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Perkins v. Linkedin - Harvesting Email Addresses

Perkins v. Linkedin - Harvesting Email Addresses

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Published by Mark H. Jaffe

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Published by: Mark H. Jaffe on Jun 16, 2014
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06/25/2014

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Case No.: 13-CV-04303-LHK ORDER GRANTING IN PART AND DENYING IN PART DEFENDANT’S MOTION TO DISMISS WITH LEAVE TO AMEND
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 UNITED STATES DISTRICT COURT  NORTHERN DISTRICT OF CALIFORNIA SAN JOSE DIVISION PAUL PERKINS, et. al., Plaintiffs, v. LINKEDIN CORPORATION, Defendant. )) ) ) ) ) ) ) )CaseNo.:13-CV-04303-LHK  ORDER GRANTING IN PART AND DENYING IN PART DEFENDANT’S MOTION TO DISMISS WITH LEAVE TO AMEND Paul Perkins, Pennie Sempell, Ann Brandwein, Erin Eggers, Clare Connaughton, Jake Kushner, Natalie Richstone, Nicole Crosby, and Leslie Wall, on behalf of themselves and a  putative class (“Plaintiffs”), bring the instant action against LinkedIn Corporation (“Defendant” or “LinkedIn”).
See
ECF No. 7. The gravamen of Plaintiffs’ complaint is that Defendant, the operator of a popular social networking website, violated several state and federal laws by harvesting email addresses from the contact lists of email accounts associated with Plaintiffs’ LinkedIn accounts and  by sending repeated invitations to join LinkedIn to the harvested email addresses.
See id.
 ¶ 2. Defendant filed a Motion to Dismiss the operative complaint, the First Amended Complaint (“FAC”).
See
ECF No. 17. The Motion is fully briefed,
see
ECF Nos. 24, 30, and the Court held a hearing on the Motion,
see
ECF No. 44 (“Tr.”). Having considered the briefing, applicable law, and the oral arguments presented at the hearing, the Court GRANTS IN PART and DENIES IN PART Defendant’s Motion. The Court also grants Plaintiffs leave to amend the FAC to cure deficiencies identified in this Order.
 
 
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Case No.: 13-CV-04303-LHK ORDER GRANTING IN PART AND DENYING IN PART DEFENDANT’S MOTION TO DISMISS WITH LEAVE TO AMEND
1 2 3 4 5 6 7 8 9 10 11 12 13 14 15 16 17 18 19 20 21 22 23 24 25 26 27 28
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I. BACKGROUND A. Factual Allegations
LinkedIn is a social networking website geared toward professional networking with more than 200 million users. ECF No. 7 ¶¶ 22–23. Users, who maintain resume-like profiles, utilize LinkedIn to view each other’s profiles and to exchange messages. This case centers around one  portion of the process that a user must complete to sign up for a LinkedIn account. Specifically, Plaintiffs, nine LinkedIn users who seek to represent a nationwide class of LinkedIn users, allege that during the sign-up process, Defendant harvests the email addresses of Plaintiffs’ contacts. The Court begins by describing the sign-up process that is challenged. The Court then turns to the internal policies that LinkedIn allegedly violates through this sign-up process and user complaints about the process. The Court then concludes this section with a description of the harm that the challenged process allegedly inflicts on Plaintiffs. When a new member signs up for LinkedIn, the website prompts her to provide her first name, last name, email address, and a password.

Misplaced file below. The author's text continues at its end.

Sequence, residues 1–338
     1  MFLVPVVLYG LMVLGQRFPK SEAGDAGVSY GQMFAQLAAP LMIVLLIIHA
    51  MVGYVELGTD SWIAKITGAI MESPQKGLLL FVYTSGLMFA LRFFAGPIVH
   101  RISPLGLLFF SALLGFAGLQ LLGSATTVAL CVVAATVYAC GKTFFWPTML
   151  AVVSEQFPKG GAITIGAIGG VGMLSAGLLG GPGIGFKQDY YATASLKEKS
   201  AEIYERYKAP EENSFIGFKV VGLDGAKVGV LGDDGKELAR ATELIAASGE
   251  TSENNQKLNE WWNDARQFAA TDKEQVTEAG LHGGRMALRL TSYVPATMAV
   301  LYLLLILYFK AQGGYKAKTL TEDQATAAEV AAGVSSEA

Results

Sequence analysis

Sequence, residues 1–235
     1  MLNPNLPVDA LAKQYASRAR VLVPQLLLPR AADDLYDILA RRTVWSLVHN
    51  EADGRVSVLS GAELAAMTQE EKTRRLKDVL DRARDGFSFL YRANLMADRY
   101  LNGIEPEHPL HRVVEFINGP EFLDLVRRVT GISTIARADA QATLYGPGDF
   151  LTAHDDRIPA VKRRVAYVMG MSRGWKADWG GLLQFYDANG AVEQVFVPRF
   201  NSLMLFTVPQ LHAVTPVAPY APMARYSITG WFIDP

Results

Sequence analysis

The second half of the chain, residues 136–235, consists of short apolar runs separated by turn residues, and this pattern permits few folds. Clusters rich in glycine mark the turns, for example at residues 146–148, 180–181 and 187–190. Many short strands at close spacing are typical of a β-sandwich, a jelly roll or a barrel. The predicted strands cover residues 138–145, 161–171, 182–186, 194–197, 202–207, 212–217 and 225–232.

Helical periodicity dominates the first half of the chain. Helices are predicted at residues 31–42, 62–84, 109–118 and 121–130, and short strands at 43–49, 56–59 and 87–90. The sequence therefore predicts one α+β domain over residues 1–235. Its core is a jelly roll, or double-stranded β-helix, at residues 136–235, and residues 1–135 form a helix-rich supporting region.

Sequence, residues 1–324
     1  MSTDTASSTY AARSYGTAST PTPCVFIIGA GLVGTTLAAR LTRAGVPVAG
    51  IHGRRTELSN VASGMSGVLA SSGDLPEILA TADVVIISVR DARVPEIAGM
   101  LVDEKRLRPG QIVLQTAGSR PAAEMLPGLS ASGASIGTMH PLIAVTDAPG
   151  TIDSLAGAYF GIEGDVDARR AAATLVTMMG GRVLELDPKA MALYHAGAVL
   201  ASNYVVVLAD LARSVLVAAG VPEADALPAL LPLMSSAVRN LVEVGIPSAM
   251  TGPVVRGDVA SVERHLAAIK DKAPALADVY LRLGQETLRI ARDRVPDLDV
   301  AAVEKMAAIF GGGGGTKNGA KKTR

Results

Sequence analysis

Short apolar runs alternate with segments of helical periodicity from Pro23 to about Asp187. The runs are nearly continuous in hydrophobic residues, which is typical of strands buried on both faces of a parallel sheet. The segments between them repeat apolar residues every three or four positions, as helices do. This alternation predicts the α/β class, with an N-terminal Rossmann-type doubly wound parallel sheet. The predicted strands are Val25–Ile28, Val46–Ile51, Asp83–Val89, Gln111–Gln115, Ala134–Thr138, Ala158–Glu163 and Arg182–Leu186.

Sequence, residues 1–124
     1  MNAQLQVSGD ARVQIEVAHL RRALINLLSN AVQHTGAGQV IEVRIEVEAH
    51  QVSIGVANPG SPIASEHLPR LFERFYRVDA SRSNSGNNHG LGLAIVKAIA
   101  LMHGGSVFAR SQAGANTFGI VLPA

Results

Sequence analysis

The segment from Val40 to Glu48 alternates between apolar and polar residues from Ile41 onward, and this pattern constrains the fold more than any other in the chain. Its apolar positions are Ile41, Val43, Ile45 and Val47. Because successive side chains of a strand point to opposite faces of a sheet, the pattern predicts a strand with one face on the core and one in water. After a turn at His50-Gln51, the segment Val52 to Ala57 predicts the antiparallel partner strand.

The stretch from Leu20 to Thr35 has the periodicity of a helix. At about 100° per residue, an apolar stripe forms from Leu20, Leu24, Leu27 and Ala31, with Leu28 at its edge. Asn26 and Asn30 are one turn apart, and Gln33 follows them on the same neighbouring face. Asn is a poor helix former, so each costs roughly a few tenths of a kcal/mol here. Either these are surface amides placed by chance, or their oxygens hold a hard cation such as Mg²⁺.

Id 
., Fig. 1 (which is below). Below the prompts for this information is a button titled “Join LinkedIn,” adjacent to which is an asterisk.
 Id.
The asterisk points to a line at the bottom of a page that states that “[b]y joining LinkedIn, you agree to LinkedIn’s User Agreement, Privacy Policy, and Cookie Policy.”
 Id.
 ¶ 26.
Figure 1
 
 
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Case No.: 13-CV-04303-LHK ORDER GRANTING IN PART AND DENYING IN PART DEFENDANT’S MOTION TO DISMISS WITH LEAVE TO AMEND
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After a user clicks the “Join LinkedIn” button, she is directed to a second page, which states “let’s start creating your professional profile.”
 Id.
, Fig. 2 (which is below). This page asks the user to provide LinkedIn with her country of residence, ZIP code, employment status, job title, and industry.
 Id.
Below these fields is a button titled “Create my profile.”
 Id.
Figure 2
A
 
user who clicks the “Create my profile” button is directed to a page that states “Grow your network on LinkedIn.”
 Id 
.
 ,
Fig. 3 (which is below). On this page, the user is told to “Get started by adding your email address,” under which the field for “Your email” is pre-populated with the user’s email address, which the user already provided to LinkedIn on the first screen, which is Figure 1.
 Id.
 ¶ 30. The “Grow your network on LinkedIn” page has a button for “Continue” under the pre-populated email field.
 Id 
.,
 
Fig. 3 (which is below). Under the “Continue”  button is a statement that reads “We will not store your password or email anyone without your  permission.”
 Id.
 Further, under that statement is an option to “Skip this step.”
 Id.

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